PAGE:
Polish statesman Tadeusz Mazowiecki, whose appointment in 1989 as the first non- communist prime minister in the Soviet bloc helped usher in democratic change across eastern Europe, died yesterday aged 86.
Tributes came from Poland, Germany and beyond for the shy former dissident intellectual who was famously photographed making a victory sign in August 1989 after his appointment by the Soviet-backed Polish president, Gen Wojciech Jaruzelski.
By the end of that year, the Berlin Wall had fallen, communist regimes in Moscow’s other satellite states had collapsed and the cold war division of the continent was over.
"It is a shame that such a person has passed away," Lech Walesa, who replaced Gen Jaruzelski as Poland's first postwar non-communist head of state in 1990, told public broadcaster TVP. "Polish democracy is failing a bit these days and we could do with him here, but it seems he is also needed on the other side," added Mr Walesa, a devout Catholic.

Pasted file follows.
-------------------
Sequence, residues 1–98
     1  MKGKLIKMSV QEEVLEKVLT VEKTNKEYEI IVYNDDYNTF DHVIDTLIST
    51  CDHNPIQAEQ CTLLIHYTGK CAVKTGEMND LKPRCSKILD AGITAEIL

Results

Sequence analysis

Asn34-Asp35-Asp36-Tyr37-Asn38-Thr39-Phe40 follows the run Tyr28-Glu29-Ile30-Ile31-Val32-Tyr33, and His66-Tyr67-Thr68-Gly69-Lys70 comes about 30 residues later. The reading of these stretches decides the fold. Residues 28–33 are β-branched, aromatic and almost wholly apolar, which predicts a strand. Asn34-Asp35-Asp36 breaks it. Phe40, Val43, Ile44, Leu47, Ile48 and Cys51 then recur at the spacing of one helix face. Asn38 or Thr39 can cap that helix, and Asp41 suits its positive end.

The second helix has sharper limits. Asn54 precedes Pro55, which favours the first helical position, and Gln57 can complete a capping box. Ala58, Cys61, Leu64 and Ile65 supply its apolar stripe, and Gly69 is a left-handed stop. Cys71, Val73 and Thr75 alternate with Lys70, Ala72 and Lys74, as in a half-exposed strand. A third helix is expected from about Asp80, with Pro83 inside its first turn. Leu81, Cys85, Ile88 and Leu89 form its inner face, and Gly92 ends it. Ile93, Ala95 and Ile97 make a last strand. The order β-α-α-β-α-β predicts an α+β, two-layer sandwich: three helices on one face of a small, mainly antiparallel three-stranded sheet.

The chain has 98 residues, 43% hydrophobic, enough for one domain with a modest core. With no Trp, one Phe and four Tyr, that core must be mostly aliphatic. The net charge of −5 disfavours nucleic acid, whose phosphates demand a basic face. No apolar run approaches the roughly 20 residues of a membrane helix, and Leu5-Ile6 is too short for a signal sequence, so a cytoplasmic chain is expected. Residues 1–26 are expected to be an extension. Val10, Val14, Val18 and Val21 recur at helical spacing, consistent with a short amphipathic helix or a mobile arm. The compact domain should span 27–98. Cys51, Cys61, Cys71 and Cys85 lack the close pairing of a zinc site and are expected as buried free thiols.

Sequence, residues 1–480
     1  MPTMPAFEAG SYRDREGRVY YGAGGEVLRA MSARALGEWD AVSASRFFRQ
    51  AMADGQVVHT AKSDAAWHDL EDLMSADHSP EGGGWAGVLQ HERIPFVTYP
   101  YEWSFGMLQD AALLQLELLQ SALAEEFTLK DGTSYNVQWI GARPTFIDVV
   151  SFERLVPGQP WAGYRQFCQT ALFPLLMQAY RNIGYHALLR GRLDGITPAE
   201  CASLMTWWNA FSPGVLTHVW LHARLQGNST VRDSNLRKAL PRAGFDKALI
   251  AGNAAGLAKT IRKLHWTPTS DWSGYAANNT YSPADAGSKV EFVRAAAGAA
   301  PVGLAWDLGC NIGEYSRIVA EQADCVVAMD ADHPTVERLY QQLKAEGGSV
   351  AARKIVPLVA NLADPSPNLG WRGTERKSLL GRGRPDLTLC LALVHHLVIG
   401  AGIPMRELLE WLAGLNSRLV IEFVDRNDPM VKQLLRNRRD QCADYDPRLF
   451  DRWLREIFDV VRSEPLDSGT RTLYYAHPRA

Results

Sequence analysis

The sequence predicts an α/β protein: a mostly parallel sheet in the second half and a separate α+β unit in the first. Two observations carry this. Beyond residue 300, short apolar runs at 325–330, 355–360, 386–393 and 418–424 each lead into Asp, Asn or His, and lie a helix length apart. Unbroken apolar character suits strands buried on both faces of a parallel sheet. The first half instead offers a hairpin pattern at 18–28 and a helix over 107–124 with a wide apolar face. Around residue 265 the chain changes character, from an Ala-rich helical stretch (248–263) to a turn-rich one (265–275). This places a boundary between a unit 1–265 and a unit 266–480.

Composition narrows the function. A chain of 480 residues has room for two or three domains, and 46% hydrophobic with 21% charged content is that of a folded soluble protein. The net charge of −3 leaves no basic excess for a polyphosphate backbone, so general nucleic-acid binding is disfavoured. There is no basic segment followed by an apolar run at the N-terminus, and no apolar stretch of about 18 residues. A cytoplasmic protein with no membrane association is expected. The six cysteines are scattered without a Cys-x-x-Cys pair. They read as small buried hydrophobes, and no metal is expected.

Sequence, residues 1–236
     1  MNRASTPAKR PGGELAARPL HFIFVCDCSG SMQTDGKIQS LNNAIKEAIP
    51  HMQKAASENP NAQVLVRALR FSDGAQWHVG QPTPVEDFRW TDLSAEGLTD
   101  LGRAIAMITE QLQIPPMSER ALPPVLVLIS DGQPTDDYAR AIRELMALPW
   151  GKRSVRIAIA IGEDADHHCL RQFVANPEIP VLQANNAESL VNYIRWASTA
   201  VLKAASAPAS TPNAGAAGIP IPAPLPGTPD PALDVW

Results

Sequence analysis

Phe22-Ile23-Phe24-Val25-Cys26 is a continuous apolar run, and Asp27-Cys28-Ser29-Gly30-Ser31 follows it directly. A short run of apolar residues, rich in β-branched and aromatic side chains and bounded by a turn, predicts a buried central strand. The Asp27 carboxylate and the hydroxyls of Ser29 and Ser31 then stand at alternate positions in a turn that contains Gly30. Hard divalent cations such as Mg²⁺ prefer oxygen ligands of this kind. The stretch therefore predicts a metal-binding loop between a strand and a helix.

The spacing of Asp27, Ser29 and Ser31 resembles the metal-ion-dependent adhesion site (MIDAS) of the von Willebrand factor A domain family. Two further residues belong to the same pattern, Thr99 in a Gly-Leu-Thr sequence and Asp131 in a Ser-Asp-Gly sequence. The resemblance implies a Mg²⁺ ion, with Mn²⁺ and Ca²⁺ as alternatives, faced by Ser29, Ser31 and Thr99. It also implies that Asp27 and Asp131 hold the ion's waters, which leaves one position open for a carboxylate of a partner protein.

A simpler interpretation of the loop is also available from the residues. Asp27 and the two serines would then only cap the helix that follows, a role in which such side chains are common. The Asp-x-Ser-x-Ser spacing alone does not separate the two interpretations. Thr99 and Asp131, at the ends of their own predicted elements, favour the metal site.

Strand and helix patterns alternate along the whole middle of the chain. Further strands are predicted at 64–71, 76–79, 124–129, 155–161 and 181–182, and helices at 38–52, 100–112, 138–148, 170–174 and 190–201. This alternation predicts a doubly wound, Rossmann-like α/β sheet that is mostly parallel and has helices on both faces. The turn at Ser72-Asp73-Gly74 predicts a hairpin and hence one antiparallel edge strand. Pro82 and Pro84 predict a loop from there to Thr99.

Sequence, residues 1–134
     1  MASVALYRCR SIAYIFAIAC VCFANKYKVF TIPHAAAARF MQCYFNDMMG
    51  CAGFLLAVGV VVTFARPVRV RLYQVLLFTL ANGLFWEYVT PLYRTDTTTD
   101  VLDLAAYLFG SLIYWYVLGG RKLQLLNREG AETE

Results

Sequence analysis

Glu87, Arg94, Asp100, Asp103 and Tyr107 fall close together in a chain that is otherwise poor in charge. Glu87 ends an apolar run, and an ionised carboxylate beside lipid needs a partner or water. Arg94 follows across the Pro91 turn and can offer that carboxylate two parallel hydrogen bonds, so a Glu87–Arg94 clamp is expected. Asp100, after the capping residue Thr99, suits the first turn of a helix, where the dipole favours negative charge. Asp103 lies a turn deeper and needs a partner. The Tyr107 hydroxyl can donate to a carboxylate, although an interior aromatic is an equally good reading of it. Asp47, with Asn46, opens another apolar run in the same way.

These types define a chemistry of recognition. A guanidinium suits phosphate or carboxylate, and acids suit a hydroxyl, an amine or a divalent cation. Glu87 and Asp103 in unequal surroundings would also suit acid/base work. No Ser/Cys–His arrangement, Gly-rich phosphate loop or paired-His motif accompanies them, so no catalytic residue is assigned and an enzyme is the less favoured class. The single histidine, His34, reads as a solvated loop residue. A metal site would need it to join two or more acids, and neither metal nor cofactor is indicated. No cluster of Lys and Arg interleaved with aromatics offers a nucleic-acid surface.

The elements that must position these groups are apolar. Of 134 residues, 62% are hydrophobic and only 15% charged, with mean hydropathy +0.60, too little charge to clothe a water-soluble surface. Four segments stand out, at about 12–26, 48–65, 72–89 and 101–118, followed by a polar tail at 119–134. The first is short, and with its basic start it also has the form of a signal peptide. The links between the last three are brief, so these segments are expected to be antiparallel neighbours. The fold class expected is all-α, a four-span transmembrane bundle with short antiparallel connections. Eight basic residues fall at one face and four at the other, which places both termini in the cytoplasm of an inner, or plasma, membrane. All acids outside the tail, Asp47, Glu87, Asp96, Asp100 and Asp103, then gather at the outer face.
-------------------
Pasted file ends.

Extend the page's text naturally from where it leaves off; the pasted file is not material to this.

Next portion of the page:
German chancellor Angela Merkel, who grew up in communist East Germany, praised Mr Mazowiecki for his contribution to the reunification of Europe and of Germany.
“With his tireless dedication to freedom . . . he made an unforgettable contribution to overcoming authority and injustice and also to unifying Europe,” Dr Merkel said. “As prime minister of Poland at a time when Germany was undergoing big changes, he promoted . . . the reunification of our country.”
Gen Jaruzelski (90), also praised Mr Mazowiecki, with whom he negotiated Poland’s transition from a one-party state in talks that led to partially free elections in June 1989, won by the Solidarity trade union. “I have always admired his calmness, his resoluteness and his decisiveness,” he told TVP Info.